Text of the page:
3. To evaluate and write critically about dance performances Students are required to attend two dance concerts and write two reaction papers in response to the concerts.
4. To develop an awareness of choreographic forms, styles and creative spirit. Students view DVDs of choreography and are asked to discuss and interpret the meaning in relationship to the choreographer's intent.
5. To enrich the student’s knowledge of the related arts, i.e. music and the visual arts. Through mid-terms and final exams, students must demonstrate knowledge of different choreographic points of view and creative processes presented during the course.
6. To enable the student to better enjoy, appreciate and understand a dance performance as a spectator. Students evaluate audience and dance critics' responses to choreographers' work both verbally and in written form.

Summary of Main Topics Covered in the Course:

  1. Renaissance

  2. Romanticism

  3. Russian Imperialism

  4. Diaghilev

  5. American Ballet

  6. Isadora Duncan/Denishawn

  7. Martha Graham

  8. Merce Cunningham

  9. Twyla Tharp/Post-Modernism

  10. Alvin Ailey/Paul Taylor – Modern Dance Today


Attendance Policy

In accordance with the College Policy, a student who has more than two absences at the end of the course will receive a WU. Students are expected to arrive on time and be present for the lecture and video portions of the class – there is no partial attendance credit. There are no excused absences.


Methods By Which Student Learning Will Be Evaluated:

  1. Attendance and Participation

  2. Attendance at two Professional Dance Performances (Dance Residency Series at QCC)

  3. Two written critiques of dance performances

  4. One paper involving research

  5. Mid-term and Final Exams


Grading Standards:

A grade of A is given for superlative work that demonstrates a profound commitment to the course material, and further, that goes on to employ this material as a springboard for independent thought and work. A grade of B is given for very good work that completely fulfills all the requirements of the course in a conscientious and dedicated manner, and that demonstrates mastery of the course content. A grade of C is given for work that fulfills all the requirements of the course in a satisfactory manner, but that falls short of demonstrating rigor and mastery. A grade of D is given for work that is unsatisfactory. A grade of F is given for work that fails to fulfill the requirements of the course as listed above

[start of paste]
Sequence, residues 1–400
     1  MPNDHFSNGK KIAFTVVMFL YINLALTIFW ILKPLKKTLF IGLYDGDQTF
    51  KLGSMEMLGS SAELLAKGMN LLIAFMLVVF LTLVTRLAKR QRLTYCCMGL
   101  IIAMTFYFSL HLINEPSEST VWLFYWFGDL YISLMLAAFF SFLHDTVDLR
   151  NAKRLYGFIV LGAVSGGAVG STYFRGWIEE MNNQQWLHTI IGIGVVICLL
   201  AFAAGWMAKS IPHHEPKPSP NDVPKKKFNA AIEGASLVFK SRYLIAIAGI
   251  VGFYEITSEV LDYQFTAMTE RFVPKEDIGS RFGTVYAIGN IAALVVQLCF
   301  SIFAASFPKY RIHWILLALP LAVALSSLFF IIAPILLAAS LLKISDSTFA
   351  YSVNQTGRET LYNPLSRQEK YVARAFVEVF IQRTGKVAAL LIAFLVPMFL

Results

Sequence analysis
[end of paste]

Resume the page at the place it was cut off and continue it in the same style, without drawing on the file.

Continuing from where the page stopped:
Academic Integrity:

Violations of academic integrity can occur in a number of ways. Acts of academic dishonesty include (the complete listing with definitions and examples is included in the main body of the QCC Academic Integrity code):

  1. Plagiarism – the inclusion of someone else’s words, ideas or data as one’s own work without acknowledging the source.

  2. Fabrication – the use of invented information or the falsification of research or other findings.

  3. Cheating – an act or an attempted act of deception by which students seek to misrepresent that they have mastered information on an academic exercise that they have not mastered.

  4. Academic Misconduct – any act to gain an undue academic benefit for oneself or to cause

    academic harm to another.

  5. Any other serious violations of academic integrity as established by the professor.

Campus Cultural Centers